Coffee Break Ballot, July 13: Current Trends in Voting Rights

Today is a day of big reports and big numbers.

A widely anticipated report — at least in voting rights reporting and civil liberties circles — from the nonprofit Sentencing Project indicated that up to one in every 10 adults in Florida is barred from voting because of a felony conviction. Almost 25 percent of the state’s black population faces similar challenges at the ballot box.

That number makes Florida the national leader in the restriction of felon voting rights. We’ve done our own reporting on felon voting rights restoration, but the raw numbers of the Sentencing Project’s report created some buzz around the Internet.

Today is also the final day of the Texas photo voter ID case in Washington, D.C. Federal Appeals Court, which means court watchers have some time to kill until another ruling creates a new wave of inflammatory rhetoric on both sides.

We’ll be sure to let you know when that pops up.

What We’ve Been Reading

Florida leads nation in excluding ex-felons from the polls,” (William E. Gibson, 07/12, South Florida Sun-Sentinel)

Swing state thievery,” (Randy Lobasso, 07/12, Salon)

Voting rights, voting wrongs,” (The Editors, 07/14, The Economist)

Young U.S. Voters’ Turnout Intentions Lagging,” (Jeffrey M. Jones, 07/13, Gallup)

‘Got Voter ID?’ State Efforts at Public Educational Campaigns Vary Widely,” (Ryan J. Reilly, 07/13, Talking Points Memo)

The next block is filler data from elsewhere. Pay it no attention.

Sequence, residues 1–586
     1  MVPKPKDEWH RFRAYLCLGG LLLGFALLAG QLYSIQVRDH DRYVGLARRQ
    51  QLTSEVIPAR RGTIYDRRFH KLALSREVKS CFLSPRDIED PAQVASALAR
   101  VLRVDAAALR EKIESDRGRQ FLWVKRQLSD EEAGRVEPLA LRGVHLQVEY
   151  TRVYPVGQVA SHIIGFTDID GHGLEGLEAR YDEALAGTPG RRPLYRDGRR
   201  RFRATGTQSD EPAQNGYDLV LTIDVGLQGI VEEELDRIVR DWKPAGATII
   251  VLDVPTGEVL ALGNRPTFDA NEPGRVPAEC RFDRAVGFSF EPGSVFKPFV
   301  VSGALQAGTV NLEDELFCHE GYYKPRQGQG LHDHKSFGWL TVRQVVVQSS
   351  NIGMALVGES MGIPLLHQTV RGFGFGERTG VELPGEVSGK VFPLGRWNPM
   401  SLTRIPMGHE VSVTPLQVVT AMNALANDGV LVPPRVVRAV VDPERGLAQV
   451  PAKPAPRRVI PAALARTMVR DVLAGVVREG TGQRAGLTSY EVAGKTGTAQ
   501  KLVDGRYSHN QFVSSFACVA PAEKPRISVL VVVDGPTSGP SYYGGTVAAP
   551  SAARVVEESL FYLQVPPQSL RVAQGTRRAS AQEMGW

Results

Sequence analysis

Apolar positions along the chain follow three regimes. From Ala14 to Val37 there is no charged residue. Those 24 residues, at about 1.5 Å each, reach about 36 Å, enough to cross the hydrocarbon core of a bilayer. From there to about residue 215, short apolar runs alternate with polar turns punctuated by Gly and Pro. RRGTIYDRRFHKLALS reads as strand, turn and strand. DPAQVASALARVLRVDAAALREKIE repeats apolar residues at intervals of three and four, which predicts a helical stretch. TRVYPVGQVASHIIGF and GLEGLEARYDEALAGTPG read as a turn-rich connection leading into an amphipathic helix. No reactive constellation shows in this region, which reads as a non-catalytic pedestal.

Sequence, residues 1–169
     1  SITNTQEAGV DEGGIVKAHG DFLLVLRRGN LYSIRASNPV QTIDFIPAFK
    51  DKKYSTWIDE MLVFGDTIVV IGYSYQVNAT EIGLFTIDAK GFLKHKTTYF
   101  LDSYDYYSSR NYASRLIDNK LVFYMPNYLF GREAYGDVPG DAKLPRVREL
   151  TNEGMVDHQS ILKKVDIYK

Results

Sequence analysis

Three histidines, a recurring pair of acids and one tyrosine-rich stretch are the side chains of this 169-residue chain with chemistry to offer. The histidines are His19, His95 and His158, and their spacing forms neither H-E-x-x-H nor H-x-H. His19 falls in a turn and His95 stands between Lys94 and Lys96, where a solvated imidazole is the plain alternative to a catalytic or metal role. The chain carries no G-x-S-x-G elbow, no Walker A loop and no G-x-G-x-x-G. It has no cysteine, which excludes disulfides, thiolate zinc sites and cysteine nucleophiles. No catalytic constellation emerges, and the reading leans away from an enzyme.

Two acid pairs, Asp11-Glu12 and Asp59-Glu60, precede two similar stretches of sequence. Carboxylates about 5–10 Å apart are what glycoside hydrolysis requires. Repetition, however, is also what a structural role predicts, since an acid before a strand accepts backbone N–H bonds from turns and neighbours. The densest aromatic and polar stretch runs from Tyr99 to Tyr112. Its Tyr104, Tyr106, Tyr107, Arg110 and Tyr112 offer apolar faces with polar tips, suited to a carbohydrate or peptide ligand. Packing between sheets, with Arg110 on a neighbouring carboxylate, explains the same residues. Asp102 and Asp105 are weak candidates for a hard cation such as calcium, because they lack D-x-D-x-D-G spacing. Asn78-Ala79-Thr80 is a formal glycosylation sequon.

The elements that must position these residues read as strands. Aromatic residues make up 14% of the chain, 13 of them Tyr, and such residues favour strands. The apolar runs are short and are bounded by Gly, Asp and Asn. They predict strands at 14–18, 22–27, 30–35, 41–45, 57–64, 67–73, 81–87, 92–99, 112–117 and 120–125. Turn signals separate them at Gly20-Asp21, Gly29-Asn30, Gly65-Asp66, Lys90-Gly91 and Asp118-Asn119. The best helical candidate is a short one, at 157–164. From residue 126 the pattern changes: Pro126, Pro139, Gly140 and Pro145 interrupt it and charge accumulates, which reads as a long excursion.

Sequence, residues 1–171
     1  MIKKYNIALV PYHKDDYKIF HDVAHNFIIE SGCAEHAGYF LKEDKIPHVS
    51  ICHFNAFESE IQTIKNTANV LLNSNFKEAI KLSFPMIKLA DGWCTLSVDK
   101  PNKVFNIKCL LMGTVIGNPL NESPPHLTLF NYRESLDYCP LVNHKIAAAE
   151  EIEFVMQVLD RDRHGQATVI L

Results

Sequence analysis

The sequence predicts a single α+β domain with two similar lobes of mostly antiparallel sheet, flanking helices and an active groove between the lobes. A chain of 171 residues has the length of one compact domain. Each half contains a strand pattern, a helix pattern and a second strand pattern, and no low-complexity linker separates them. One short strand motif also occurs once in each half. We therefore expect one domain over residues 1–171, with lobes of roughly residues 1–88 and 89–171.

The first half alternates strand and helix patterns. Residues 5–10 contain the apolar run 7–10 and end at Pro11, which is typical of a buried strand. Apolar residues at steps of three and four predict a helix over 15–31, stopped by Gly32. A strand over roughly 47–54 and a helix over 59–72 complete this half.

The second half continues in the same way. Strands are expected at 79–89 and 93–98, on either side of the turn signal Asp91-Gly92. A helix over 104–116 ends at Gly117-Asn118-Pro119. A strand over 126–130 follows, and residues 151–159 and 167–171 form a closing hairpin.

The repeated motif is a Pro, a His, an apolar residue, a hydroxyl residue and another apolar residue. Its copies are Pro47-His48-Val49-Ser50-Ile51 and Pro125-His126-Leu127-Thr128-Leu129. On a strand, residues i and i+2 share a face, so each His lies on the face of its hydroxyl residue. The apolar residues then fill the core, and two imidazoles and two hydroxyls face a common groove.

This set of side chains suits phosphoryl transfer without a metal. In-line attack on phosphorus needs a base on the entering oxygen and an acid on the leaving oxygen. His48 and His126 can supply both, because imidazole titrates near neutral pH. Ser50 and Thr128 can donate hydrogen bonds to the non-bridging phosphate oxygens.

NAACP president, Holder insult the intelligence of minorities on Voter ID laws,” (Demetrius Minor, 07/13, Red Alert Politics)

Hawaii’s Vanishing Voter — Special Report on Voter Participation,(Ian Lind, 07/09 – 07/12, Honolulu Civil Beat)

Twitter Trends

We’re not seeing a terrible amount of movement on our four search terms today, despite what we might call an abundance of tweetable and readable stories. We would have imagined that the Florida felon story would create a storm of outrage among users both in favor of and against felon re-enfranchisement.

Maybe it’s because today is Friday, or because everyone is waiting to hear the verdict in the Texas voter ID case. But things change quickly on Twitter. The arrival of the weekend is just a trough in the never-ending stream of knee-jerk reactions.

Our Texas reporters in Washington, D.C. are on their way home to the News21 newsroom this weekend, but be sure to follow us all @WhoCanVote.

Coffee Break Ballot, July 12: Current Trends in Voting Rights

All signs suggest a momentary trough in the #VoterID frenzy of the last few days.

The U.S. District Court in Washington, D.C., is concluding a hearing on the Texas photo voter ID law. The decision by the three-judge panel is sure to send anger and/or gloating on both sides of the partisan divide through the roof. For today the digital conversation is focused elsewhere.

Vice President Joe Biden’s decidedly politicized speech at the annual NAACP conference in Houston this morning brought up the Obama Administration’s stance on ballot access and voting rights.

The weekend likely will be busy for commentators and opinion pages weighing in on the voting rights debate; Monday will be a big news day.

What We’ve Been Reading

New court filings: SC would proceed with voter ID for election,” (Renee Dudley, 07/12, S.C. Post and Courier)

Overheated Rhetoric from VP Biden and Others on Voter ID,” (Michael Collins, 07/12, Republican National Lawyers Association)